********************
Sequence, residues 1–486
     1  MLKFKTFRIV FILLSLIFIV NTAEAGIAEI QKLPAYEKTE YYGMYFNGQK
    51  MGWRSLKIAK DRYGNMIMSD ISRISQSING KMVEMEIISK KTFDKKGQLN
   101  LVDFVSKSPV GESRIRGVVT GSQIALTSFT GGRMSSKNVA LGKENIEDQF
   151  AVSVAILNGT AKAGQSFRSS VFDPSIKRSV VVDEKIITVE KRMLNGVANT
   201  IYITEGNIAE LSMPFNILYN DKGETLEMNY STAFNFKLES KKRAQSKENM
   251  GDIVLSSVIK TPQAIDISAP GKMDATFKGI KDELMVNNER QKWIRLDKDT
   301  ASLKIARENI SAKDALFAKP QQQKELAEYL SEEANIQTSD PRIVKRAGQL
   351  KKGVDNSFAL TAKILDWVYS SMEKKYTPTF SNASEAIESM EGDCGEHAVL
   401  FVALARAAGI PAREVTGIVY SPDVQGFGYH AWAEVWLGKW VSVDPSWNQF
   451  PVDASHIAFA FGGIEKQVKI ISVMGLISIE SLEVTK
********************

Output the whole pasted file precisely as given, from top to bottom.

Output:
Sequence, residues 1–486
     1  MLKFKTFRIV FILLSLIFIV NTAEAGIAEI QKLPAYEKTE YYGMYFNGQK
    51  MGWRSLKIAK DRYGNMIMSD ISRISQSING KMVEMEIISK KTFDKKGQLN
   101  LVDFVSKSPV GESRIRGVVT GSQIALTSFT GGRMSSKNVA LGKENIEDQF
   151  AVSVAILNGT AKAGQSFRSS VFDPSIKRSV VVDEKIITVE KRMLNGVANT
   201  IYITEGNIAE LSMPFNILYN DKGETLEMNY STAFNFKLES KKRAQSKENM
   251  GDIVLSSVIK TPQAIDISAP GKMDATFKGI KDELMVNNER QKWIRLDKDT
   301  ASLKIARENI SAKDALFAKP QQQKELAEYL SEEANIQTSD PRIVKRAGQL
   351  KKGVDNSFAL TAKILDWVYS SMEKKYTPTF SNASEAIESM EGDCGEHAVL
   401  FVALARAAGI PAREVTGIVY SPDVQGFGYH AWAEVWLGKW VSVDPSWNQF
   451  PVDASHIAFA FGGIEKQVKI ISVMGLISIE SLEVTK